Mexico is a country of socio-economic contrasts and its population is drawn from a diversity of regions, ethnic groups and economic backgrounds. The country's cultural landscape is composed of several cultural regions each one with its own dialects, customs, economic practices and ways of life.
Mexican society is an epitome of socials schisms. Wide disparities in wealth, social status, and educational levels exist across different sections of Mexican society and across the country's many regions. After the liberalization of the economy in the 1990s have resulted in the emergence of a rising class of well-educated and affluent elite who are a direct contrast to the vast majority of the rural and urban poor many of who still reel under poverty and related socio-economic hardships. In between these two classes is the middle class whose condition have not changed much even in the cities. The worst off are the rural landless poor who live on low daily wages. They are in direct contrast to a growing breed of wealthy farmers who own most of the agricultural land and resources and therefore garner most of Mexico's agricultural income.
The diversity of Mexico's cultural milieu is mainly due to the strong regional identities and loyalties of its ethnically and socially diverse people. Regional sentiments are stronger among the country's rural populace who identify more strongly with the regions and agricultural areas that they inhabit. Moreover, Mexico's indigenous Amerindian communities also identify themselves as rooted in their own respective communities and traditional homelands. Nevertheless, Mexico's indigenous heritage in all its diversity has come to represent a unique character of Mexican national identity and culture today.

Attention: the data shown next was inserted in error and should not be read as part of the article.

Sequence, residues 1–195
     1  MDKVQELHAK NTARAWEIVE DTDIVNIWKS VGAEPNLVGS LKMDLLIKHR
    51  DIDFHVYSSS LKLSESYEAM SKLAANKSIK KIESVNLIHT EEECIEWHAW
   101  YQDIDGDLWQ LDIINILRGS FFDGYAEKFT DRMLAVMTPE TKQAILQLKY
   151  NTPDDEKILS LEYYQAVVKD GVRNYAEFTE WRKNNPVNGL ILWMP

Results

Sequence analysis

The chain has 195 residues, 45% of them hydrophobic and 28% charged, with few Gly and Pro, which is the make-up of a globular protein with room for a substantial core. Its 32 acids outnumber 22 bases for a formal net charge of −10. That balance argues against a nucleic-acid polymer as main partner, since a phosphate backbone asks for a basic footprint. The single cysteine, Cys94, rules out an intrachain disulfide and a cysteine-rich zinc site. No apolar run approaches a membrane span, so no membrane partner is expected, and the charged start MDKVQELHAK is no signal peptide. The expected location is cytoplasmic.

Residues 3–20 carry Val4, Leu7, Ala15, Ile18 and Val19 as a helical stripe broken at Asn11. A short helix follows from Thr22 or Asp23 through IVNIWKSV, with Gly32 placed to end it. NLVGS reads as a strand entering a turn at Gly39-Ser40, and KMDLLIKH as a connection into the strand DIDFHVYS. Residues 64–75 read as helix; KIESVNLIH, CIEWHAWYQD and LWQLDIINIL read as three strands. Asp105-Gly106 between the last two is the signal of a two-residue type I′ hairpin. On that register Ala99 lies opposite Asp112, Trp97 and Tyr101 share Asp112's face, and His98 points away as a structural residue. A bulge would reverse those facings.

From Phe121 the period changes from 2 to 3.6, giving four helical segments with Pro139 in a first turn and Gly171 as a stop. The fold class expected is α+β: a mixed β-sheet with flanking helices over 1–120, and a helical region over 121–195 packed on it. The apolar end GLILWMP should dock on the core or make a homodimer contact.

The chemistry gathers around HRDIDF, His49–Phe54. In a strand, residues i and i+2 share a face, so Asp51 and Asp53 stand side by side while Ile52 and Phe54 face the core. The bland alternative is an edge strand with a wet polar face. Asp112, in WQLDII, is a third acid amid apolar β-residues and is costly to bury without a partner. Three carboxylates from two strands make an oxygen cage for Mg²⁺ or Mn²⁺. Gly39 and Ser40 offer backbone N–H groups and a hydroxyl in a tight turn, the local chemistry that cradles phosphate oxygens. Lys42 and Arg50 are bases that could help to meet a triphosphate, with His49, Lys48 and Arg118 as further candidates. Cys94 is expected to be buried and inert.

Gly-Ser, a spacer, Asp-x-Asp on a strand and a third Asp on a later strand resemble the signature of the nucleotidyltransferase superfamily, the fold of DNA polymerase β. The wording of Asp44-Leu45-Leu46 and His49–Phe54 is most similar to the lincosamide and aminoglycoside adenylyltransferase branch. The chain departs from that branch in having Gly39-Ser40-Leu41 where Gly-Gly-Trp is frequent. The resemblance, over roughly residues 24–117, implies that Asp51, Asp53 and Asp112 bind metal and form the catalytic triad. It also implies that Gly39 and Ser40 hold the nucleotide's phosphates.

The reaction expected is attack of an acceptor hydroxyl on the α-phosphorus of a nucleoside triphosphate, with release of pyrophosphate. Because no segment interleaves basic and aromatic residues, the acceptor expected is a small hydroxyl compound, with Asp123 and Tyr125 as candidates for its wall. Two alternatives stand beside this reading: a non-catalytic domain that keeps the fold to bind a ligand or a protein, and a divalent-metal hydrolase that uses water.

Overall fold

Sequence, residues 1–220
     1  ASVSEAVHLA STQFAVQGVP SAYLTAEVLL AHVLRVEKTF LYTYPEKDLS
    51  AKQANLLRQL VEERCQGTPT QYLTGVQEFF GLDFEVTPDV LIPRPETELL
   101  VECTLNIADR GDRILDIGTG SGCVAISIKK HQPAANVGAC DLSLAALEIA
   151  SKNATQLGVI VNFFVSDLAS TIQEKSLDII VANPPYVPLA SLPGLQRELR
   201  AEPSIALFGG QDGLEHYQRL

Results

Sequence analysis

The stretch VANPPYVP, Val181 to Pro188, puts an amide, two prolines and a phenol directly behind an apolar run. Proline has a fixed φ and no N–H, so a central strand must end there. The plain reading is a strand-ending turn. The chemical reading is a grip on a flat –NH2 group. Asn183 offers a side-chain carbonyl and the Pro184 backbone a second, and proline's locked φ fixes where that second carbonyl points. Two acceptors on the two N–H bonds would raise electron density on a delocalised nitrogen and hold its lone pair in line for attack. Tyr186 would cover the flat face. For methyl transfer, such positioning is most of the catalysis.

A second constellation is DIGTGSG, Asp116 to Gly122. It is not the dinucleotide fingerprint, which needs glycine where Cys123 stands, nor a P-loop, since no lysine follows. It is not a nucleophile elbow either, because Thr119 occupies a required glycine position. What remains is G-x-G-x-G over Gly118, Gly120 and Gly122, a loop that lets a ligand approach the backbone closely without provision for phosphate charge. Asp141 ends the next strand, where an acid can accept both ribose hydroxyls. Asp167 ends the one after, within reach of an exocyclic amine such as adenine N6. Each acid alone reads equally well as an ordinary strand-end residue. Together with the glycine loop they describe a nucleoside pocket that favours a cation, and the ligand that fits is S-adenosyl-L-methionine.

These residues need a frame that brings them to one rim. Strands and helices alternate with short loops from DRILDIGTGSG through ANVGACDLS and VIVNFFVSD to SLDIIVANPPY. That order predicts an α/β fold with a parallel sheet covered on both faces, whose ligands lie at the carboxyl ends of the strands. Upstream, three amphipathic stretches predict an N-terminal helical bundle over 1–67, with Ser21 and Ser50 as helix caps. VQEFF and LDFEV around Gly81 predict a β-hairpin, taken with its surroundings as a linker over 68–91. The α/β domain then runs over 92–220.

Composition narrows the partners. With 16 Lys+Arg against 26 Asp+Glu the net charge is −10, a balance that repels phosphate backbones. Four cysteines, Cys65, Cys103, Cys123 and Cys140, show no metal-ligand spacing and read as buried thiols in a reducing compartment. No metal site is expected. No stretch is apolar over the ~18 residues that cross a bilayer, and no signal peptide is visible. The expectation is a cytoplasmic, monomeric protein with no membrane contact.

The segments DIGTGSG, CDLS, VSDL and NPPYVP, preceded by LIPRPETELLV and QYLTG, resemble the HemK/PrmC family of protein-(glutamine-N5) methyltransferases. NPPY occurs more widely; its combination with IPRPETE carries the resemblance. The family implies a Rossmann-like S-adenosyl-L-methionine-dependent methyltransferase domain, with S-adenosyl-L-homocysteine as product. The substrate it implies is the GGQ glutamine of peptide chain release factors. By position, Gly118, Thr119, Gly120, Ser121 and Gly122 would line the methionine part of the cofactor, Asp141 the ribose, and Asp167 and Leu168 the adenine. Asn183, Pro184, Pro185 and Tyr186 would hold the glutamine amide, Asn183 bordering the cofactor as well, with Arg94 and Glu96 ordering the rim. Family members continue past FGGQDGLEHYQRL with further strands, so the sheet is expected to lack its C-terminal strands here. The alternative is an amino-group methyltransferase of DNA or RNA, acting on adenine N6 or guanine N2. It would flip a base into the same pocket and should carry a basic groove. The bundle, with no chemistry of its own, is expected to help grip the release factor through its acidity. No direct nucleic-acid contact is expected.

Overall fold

Overall, Mexican society reflects traditional societal ethos and practices. The family or more particularly the extended family remains central to Mexican society. Familial ties and bonhomie characterize Mexican social life and it is a common practice to have social get-togethers and festivals that include family members and relations across several generations. This is unlike the individuality that permeates many cultures and societies in transition especially in post-industrial countries.
Food and Drink
Fondness for good food and drink is a characteristic of Mexican society across all social classes. Although there are regional variations in food habits there are many elements that bind Mexicans in a united culinary tradition. In fact, Mexican cuisine has come to play a great role in projecting the country's image and identity in far corners of the globe. Regional variations apart, the staple diet of most Mexicans includes corn, beans, rice, avocados, chili pepper, tomatoes, papayas and vanilla. Also popular dishes like tortillas, fajitas and tortas. Another integral feature of Mexican cuisine is the wide array of drinks, alcoholic or otherwise, with the most famous being tequila, which have gained international popularity. Mexico's culinary diversity and richness can also be savored at the time of the feastings and traditional gatherings during Christmas time and on the Day of the Dead. Finally, a nice afternoon siesta, after a sumptuous midday meal is a favorite practice among most Mexicans especially in the rural areas where life is slower and more relaxed.For more in formation on the Mexico Society and Culture log on the following pages.